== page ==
In our study, 79% of the histologically normal adjacent mucosa samples expressed more hTERT mRNA compared with the corresponding colorectal carcinoma samples. Using semiquantitative, conventional RT-PCR, Rohde et al. also observed equal or more hTERT mRNA in normal renal tissue compared with corresponding renal carcinoma tissue, although telomerase activity was detected in the tumors only and not in the normal specimens.34 Other studies found that hTERT was expressed in nontumorous colorectal, renal, and ovarian tissue without any detectable telomerase activity.27, 35, 36 Several factors have been discussed to explain the high hTERT levels in normal mucosa. First, although hTERT mRNA was identified as a determining factor for telomerase activity in tumor tissues like colorectal carcinoma,25–27 no reports have found a positive correlation between hTERT expression and telomerase activity in nontumorous tissues. Thus, hTERT well may be transcripted in nontumorous tissues, even at higher levels than the levels in tumor tissue, without resulting in telomerase activity. Detecting lower telomerase activity levels than expected from hTERT mRNA expression levels, Nakamura et al. hypothesized that telomerase activity not only may be controlled by the transcription of hTERT but also may be influenced at the posttranscriptional, translational, and posttranslational levels or by telomerase inhibitors.25 Second, alternate splicing of hTERT transcripts reportedly prohibited the formation of hTERT protein that contained functional reverse transcriptase domains37 and inhibited telomerase activity in nontumorous cells.38, 39 Finally, detected hTERT levels in whole tissue not only may be due to hTERT expression in epithelial or tumor cells but also may be influenced by hTERT transcription in other cells, like infiltrating activated lymphocytes.33 To obtain pure populations of epithelial cells, Liu et al. performed laser-capture dissection and found that, in contrast to our data, there was no hTERT expression in isolated nontumorous prostate epithelial cells.12 To date, studies using single-cell PCR to examine the origin of hTERT expression in nontumorous colorectal tissue have not been performed.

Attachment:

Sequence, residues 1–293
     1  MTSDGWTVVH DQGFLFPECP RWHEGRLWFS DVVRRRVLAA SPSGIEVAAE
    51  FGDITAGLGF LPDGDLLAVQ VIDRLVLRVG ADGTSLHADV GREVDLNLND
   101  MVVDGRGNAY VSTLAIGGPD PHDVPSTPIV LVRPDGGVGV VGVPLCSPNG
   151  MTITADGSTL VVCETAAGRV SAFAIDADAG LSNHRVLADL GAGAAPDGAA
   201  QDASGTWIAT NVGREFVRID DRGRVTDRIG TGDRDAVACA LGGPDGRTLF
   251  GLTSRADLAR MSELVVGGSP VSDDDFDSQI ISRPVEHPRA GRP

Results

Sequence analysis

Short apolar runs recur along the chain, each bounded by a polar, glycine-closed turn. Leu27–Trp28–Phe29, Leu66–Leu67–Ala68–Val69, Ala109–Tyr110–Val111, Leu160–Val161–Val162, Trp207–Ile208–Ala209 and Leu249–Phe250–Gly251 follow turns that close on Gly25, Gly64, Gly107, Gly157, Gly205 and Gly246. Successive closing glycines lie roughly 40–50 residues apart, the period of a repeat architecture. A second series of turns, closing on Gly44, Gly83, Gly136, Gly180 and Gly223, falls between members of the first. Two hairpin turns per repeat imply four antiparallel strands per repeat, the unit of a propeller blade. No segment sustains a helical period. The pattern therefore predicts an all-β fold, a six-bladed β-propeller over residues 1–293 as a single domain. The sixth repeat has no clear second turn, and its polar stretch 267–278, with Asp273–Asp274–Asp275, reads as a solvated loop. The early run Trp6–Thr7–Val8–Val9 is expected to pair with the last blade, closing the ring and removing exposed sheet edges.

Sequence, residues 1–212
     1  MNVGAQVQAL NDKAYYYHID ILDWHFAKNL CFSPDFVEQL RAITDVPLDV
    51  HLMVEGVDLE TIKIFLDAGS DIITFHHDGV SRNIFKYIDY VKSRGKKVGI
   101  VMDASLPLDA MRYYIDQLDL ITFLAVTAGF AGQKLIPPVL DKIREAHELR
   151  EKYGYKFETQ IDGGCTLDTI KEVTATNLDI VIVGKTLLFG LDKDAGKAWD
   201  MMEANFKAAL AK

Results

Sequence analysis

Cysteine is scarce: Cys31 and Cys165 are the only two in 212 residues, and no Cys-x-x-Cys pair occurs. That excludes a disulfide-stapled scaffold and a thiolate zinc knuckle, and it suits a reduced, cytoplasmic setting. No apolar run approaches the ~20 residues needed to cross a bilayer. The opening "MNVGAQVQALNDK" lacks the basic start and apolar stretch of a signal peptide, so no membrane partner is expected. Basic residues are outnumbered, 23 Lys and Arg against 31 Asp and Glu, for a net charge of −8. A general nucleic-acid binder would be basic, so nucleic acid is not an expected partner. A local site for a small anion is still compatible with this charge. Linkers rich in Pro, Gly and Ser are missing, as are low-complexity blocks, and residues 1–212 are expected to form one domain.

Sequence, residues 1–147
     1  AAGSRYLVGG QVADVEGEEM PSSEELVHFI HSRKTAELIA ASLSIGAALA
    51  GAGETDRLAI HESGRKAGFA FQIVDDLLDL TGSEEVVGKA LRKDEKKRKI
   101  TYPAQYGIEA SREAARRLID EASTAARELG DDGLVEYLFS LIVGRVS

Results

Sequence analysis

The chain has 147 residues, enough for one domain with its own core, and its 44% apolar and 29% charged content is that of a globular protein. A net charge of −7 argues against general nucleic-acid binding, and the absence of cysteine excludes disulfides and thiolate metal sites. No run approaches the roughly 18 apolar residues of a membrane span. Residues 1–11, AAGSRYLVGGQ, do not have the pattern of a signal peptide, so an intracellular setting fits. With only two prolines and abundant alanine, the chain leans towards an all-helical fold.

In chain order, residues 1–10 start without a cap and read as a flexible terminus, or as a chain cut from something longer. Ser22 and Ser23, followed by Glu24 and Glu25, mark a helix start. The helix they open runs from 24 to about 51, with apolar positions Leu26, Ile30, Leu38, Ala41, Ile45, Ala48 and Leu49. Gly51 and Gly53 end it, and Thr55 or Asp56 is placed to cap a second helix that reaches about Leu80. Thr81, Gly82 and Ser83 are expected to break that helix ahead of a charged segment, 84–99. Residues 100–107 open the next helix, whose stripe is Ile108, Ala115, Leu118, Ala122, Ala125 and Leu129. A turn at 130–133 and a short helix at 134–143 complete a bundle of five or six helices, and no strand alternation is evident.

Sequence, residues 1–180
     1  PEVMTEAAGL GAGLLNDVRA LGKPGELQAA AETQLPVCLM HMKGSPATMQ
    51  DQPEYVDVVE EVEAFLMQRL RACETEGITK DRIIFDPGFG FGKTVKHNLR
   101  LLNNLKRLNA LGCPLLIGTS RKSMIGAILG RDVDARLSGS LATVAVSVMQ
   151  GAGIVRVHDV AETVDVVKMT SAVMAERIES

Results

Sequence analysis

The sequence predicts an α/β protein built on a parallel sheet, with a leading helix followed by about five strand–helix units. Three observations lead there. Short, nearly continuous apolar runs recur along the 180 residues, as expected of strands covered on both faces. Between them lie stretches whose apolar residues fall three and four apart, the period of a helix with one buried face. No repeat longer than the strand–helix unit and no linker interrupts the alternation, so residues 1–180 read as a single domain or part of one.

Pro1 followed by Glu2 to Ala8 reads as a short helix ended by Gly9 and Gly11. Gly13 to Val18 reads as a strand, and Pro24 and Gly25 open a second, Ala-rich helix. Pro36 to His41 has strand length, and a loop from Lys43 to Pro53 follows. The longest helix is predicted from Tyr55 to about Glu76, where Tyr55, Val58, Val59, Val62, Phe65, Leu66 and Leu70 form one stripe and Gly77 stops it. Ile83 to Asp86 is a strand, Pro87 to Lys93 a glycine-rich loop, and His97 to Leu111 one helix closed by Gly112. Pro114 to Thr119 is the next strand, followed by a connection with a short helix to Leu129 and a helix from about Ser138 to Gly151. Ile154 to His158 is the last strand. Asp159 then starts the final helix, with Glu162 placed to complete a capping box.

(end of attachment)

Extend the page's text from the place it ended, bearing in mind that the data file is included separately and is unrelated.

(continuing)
Although telomere shortening with increasing age is a well-known and well-explained phenomenon in normal somatic cells, including normal colorectal mucosa,2, 40 we are the first investigators to show that hTERT mRNA expression decreased with increasing age in nonmalignant tissue. Because no correlation between hTERT mRNA expression and age was found in tumor tissue, colorectal carcinoma seems to escape age-related hTERT expression control during the process of carcinogenesis. Thus, the expression of hTERT mRNA in tumor tissue appears to be a specific characteristic of each individual tumor. In addition, the correlation of hTERT in nontumorous samples with increasing age supports the hypothesis that the measured hTERT levels correspond to the age-influenced colorectal epithelial cells rather than the probably age-independent hTERT-expressing blood cells such as, e.g., activated lymphocytes.